Your debit card is linked to your checking account, which holds the money you spend on daily expenses. This means you need to be more careful about where to swipe your debit card, because debit card fraud endangers hard-earned cash. Debit cards can be expensive especially for certain age groups. For example, according to Credit Sesame, users between the ages of 30 and 49 lost an average of $ 1,254 in 2017 due to debit card fraud.
In many cases, credit cards are safer choices. Most credit cards are of zero fraud liability. This means that you are not responsible for unauthorized charges on your account as long as you report the charges within a certain time. Debit cards do not offer the same protection if you wait too long to report fraud. You may be on the hook for everything stolen from your account. You can protect yourself from debit card fraud by being aware of risky places to swipe your debit card.
Non-bank ATM | Risky Places For Debit Card Swiping
One of the most popular ways for credit card thieves to steal information about debit cards is through card skimming. This happens when you swipe your credit card through a skimming device to a legitimate transaction. Skimmer collects your debit card information, which the robbers get when returning to the skimmer.
Skimming devices are usually installed at ATM’s that are not connected to the bank. So pay attention to ATM’s at gas stations, hotel lobbies or outdoors. These machines do not belong to the bank and are not always monitored properly, which gives thieves greater opportunities to place and retrieve skimming devices.
Mobile Merchant | Risky Places For Debit Card Swiping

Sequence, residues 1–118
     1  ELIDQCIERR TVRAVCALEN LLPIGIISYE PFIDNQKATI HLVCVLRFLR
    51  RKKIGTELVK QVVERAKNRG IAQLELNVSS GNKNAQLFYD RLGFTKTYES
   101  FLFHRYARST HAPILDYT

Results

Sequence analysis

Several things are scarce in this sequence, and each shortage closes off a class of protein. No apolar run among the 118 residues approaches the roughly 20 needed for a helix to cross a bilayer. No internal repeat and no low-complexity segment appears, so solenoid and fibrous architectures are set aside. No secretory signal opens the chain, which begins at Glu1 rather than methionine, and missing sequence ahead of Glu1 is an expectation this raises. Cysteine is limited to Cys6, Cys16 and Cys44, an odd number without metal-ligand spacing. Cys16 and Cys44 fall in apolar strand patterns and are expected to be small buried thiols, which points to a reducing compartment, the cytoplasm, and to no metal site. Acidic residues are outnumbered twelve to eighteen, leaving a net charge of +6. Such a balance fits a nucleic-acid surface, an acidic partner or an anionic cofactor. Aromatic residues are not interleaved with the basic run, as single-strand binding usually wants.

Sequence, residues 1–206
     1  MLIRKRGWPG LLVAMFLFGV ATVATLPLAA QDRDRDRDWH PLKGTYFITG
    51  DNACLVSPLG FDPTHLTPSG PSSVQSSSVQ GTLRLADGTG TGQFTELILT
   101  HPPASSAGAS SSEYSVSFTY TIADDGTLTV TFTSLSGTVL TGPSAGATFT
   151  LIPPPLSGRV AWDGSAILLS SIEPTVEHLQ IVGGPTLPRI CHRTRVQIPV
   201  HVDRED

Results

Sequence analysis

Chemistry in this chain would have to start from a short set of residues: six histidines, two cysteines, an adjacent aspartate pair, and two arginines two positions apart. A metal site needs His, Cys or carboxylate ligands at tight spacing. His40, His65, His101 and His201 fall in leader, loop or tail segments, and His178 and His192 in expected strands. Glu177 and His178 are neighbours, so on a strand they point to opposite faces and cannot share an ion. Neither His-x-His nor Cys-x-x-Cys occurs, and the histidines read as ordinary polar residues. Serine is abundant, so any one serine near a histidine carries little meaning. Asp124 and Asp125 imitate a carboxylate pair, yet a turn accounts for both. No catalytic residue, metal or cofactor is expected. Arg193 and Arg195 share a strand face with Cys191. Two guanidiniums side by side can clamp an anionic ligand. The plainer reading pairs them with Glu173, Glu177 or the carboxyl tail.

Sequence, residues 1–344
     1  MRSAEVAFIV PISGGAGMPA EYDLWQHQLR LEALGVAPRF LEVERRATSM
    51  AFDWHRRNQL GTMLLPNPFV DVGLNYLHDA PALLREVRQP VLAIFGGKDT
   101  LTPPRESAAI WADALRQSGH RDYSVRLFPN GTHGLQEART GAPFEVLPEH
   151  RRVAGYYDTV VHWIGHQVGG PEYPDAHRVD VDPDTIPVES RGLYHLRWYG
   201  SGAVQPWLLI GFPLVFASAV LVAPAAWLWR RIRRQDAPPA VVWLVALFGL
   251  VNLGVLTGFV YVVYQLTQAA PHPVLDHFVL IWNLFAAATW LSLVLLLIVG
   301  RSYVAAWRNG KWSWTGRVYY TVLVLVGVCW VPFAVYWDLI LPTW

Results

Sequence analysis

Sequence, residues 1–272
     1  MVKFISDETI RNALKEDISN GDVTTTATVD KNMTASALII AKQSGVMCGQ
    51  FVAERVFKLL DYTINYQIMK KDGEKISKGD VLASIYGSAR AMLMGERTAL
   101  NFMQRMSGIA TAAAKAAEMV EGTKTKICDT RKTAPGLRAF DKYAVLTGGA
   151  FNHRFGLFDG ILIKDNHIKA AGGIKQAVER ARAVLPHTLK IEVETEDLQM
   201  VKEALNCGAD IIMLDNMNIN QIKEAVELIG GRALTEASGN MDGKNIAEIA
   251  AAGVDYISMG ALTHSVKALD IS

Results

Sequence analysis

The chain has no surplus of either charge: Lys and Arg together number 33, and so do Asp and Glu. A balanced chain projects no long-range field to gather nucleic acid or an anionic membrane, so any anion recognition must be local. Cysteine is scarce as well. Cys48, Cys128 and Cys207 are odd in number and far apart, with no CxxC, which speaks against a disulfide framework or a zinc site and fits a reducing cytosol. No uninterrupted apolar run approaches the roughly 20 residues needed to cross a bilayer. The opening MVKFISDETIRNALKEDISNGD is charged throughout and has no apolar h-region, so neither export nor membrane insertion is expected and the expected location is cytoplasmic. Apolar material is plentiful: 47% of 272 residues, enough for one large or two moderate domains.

Thieves can also act as legitimate street vendors who swipe your debit cards with mobile credit card terminals. However, in some cases, thieves actually push your debit card through a skimming device to bypass and steal your information. Unless you are familiar with a variety of cellular card processing devices, you cannot ensure that traders actually make payments or steal your information. Be careful when shopping at events, outdoor markets, and other places where small businesses make card payments remotely.
Gas stations are another place where skimmers are easier to find, because fuel gauge card readers aren’t always tracked properly. Before you swipe the debit card at the gas station, gently pull the credit card terminal. If it feels insecure, don’t give your debit card. Instead, use your credit card (which is far more protected from fraud), make payments inside or go to another gas station. This might be awkward, but it’s good to avoid dealing with debit card fraud.
Self check out lines
It is also known that debit card thieves place skimming devices on card readers in self-service plans for large retailers. Thieves can work as a team, one person hides the camera and the other puts a skimmer on the card reader. Skimming technology has become increasingly sophisticated for years. Thieves can retrieve information stolen remotely using Bluetooth technology. After they receive debit card information, they can use it to create a cloned debit card or sell it to a dark network to thieves who can use your information for fraudulent purchases.
The risk of using your debit card in a restaurant is that you are not the person who swiped your debit card. Instead, you give your card to the waiter who disappears with him and returns to you to sign your signature on a receipt a few minutes later. Thieves often run large criminal circles and employ waiters to steal customer debit cards for a few dollars. After your debit card leaves your sight, you no longer have control over what is done with it.
Detect Debit Card Fraud
Stealing your debit card information is worse since you only know when unauthorized purchases appear in your account. With your debit card information, your hard earned money is stolen and you need to work with the bank to get it back.
Check your bank account at least once a week to quickly detect suspicious activity and immediately report it to your bank. The current debit card can be canceled and a new card with a new number or a new security code or both will be issued. Reporting of fake purchases reduces your responsibility for purchases made in your account. You will most likely receive most or all of the funds stolen by telling them in early.
Because thieves always develop smart methods for stealing information, it’s hard to defend yourself completely. Fortunately, you can reduce losses by leaving only a little money in your checking account and deactivating overdraft protection.